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Hantavirus pulmonary syndrome


Disease: Hantavirus pulmonary syndrome Hantavirus pulmonary syndrome
Category: Respiratory diseases

Disease Definition:

Hantavirus pulmonary syndrome is an infectious disease. It is marked by flu-like symptoms that progress rapidly to potentially life-threatening breathing problems.


Hantavirus pulmonary syndrome could be caused by several types of hantavirus. Several types of rodents carry these viruses, especially the deer mouse. Infection occurs when someone breathes air infected with hantaviruses that are shed in rodent droppings and urine.


The best protection against hantavirus pulmonary syndrome is avoiding rodents and their habitats because the treatment options for this disease are limited.

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Symptoms, Causes


The initial signs and symptoms of this disease appear between one and five weeks after exposure to a hantavirus. This disease advances through two distinct stages:



Some of the early indicators of a hantavirus infection are fever, fatigue and chills, and within several days someone may develop nausea, vomiting, abdominal pains and headaches. Hantavirus infection is difficult to distinguish in its early stages from pneumonia, influenza or other viral condition.


Some of the signs and symptoms of early-stage infection may include:


  • Fever
  • Chills
  • Fatigue
  • Dizziness
  • Nausea
  • Headaches
  • Diarrhea
  • Vomiting
  • Tachycardia, which is abnormally fast heartbeat
  • Abdominal pain
  • Muscle aches, particularly in large muscle groups such as the back, hips and thighs
  • Tachypnea, which is abnormally fast breathing
  • Bubbling or rattling sounds in the lungs (rales)



A cough is usually the indicator that the hantavirus infection has progressed into the cardiopulmonary stage, when the capillaries of the lungs start to weaken and leak fluid. This may be followed by shortness of breath and respiratory troubles.


Some of the signs and symptoms of the cardiopulmonary stage may include:


  • Shortness of breath
  • A cough that produces secretions
  • Multiorgan failure
  • Pulmonary edema, which is the buildup of fluid in the lungs
  • Reduction of oxygen (hypoxemia or hypoxia) and a buildup of carbon dioxide (hypercarbia) and acid (academia) in the blood.
  • Arrhythmia, which is a general term that describes slower or faster than normal heartbeat
  • Acute respiratory distress syndrome (ARDS), in which the ability of the lungs to transfer oxygen to the blood is severely impaired.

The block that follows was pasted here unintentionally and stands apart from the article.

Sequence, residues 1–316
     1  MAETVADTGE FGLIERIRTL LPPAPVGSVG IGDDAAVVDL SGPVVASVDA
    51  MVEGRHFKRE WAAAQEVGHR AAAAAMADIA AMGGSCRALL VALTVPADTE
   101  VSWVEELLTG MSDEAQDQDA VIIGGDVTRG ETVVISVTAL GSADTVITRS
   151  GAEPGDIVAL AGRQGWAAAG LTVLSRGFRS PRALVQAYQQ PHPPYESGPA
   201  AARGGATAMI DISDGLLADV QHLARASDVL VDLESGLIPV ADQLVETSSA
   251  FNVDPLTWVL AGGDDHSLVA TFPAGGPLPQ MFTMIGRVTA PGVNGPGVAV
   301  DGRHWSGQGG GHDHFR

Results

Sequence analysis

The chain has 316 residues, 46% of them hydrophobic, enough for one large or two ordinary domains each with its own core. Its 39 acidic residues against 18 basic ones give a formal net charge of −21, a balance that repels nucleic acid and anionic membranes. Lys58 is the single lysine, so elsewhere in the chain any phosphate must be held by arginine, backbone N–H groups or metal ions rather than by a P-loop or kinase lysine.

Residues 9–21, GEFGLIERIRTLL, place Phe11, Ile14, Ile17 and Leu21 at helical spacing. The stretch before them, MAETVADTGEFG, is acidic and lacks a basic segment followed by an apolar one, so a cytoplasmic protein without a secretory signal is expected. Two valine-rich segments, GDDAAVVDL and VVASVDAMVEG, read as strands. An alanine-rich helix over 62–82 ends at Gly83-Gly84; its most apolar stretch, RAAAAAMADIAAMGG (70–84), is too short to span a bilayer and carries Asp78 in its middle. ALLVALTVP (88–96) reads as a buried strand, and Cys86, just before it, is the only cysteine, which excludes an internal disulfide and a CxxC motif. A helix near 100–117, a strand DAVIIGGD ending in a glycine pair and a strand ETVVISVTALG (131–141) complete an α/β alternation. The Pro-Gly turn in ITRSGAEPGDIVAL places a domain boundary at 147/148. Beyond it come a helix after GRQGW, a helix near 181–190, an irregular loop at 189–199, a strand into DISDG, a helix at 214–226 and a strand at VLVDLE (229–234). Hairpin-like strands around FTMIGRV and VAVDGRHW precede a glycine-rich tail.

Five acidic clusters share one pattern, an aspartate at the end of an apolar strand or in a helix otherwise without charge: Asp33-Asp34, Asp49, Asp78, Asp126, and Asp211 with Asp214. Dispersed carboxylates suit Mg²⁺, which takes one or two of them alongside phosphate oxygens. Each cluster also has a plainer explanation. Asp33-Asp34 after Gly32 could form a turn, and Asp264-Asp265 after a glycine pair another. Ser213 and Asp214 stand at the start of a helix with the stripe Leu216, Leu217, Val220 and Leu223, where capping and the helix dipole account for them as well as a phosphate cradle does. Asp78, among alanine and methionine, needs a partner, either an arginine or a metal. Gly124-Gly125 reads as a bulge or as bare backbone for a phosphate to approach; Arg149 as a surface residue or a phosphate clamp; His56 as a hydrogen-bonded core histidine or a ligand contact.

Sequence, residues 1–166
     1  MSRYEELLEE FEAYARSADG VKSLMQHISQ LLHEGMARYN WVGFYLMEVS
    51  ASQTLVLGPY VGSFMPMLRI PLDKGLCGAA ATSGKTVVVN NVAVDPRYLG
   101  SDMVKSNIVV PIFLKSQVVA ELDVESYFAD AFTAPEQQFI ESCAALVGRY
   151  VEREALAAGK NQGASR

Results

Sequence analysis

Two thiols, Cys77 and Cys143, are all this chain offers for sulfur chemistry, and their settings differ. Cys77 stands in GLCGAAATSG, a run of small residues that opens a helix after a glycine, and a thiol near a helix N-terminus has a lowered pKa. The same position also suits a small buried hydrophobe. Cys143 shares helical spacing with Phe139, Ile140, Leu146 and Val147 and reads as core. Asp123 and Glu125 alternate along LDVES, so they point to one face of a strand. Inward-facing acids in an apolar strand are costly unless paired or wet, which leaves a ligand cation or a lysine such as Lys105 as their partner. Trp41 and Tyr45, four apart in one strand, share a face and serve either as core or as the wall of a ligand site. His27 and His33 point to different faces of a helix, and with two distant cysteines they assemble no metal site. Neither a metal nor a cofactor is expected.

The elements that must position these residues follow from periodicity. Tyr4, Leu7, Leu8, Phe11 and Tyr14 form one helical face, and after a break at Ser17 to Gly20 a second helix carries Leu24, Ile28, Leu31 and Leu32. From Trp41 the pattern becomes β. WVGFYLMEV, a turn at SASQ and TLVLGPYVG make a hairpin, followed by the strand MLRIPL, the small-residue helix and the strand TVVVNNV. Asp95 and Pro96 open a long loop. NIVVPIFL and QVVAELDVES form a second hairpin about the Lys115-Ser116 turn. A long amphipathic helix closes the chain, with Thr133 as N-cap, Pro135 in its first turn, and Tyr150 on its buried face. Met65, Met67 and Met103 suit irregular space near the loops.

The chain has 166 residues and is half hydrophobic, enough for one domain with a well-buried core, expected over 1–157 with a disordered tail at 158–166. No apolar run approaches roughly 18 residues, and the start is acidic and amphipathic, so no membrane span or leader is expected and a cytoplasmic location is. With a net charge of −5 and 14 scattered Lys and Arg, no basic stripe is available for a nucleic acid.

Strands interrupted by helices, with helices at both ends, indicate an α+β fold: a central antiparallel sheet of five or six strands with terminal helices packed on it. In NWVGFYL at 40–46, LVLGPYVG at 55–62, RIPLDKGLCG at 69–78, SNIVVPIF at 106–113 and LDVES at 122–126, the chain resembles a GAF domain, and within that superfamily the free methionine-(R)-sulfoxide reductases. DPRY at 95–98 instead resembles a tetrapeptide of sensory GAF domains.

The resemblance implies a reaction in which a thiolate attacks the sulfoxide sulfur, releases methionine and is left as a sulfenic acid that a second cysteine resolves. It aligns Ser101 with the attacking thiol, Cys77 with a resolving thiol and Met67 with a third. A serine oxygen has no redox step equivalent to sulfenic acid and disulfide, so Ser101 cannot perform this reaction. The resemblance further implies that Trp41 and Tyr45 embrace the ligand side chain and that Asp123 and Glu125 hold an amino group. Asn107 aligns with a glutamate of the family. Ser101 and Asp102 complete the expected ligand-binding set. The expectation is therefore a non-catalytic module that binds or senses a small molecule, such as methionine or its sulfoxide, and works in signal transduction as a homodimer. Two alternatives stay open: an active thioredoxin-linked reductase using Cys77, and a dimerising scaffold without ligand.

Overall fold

• Hypotension
  • Respiratory insufficiency (shock) or failure


A person should seek immediate medical attention in case they've been around rodents or rodent droppings and experience fever, chills, difficulty breathing or muscle aches. They should definitely tell their doctor that they've been around rodents or their droppings.


Each type of hantavirus has a different rodent carrier. The primary carrier of the Sin Nombre virus is the deer mouse; however, rice rate, whit-tailed mouse and cotton rat may also carry hantavirus.



The main route of transmission is inhalation. Hantaviruses are primarily transmitted to people through the "aerosolization" of viruses that are shed in infected rodents' droppings, urine or saliva. When a virus is kicked up into the air, aerosolization occurs, which makes it easier for someone to inhale. For instance, the broom that is used to clean up mouse droppings could nudge into the air tiny particles of feces containing hantaviruses that someone can easily inhale.


Hantaviruses reach the lungs after they are inhaled and begin invading capillaries, which are tiny blood vessels, and cause them to leak. When the lungs flood with fluid, any of the respiratory problems that are associated with hantavirus pulmonary syndrome may be triggered.



There are other methods of hantavirus transmission, but they are rare. After eating food containing rodent excrement or after being bitten by a rodent, a person may become infected. This disease could also be transmitted from one person to another, but it is very rare.





As mentioned before, there are limited treatment options for hantavirus pulmonary syndrome. With early recognition, immediate hospitalization and adequate support for breathing, the prognosis improves.


There are two treatment options for hantavirus:

Supportive therapy:

Immediate treatment in an intensive care unit is required for people with severe cases of this disease. Assisted respiration could ward off pulmonary edema and help with breathing. This could be either through intubation, which involves putting a breathing tube through the nose, mouth or trachea to help keep the airways open and functioning, or through mechanical ventilation.

Blood oxygenation:

To help ensure that the patient retains a sufficient supply of oxygen, a method called extracorporeal membrane oxygenation may be needed in extremely severe cases of pulmonary distress. In this method, the blood will be continuously pumped through a machine that removes carbon dioxide and adds oxygen. The oxygenated blood that results from this is returned to the body.


The risk of complications from a type of hantavirus found in China is effectively reduced by an antiviral medication called ribavirin.


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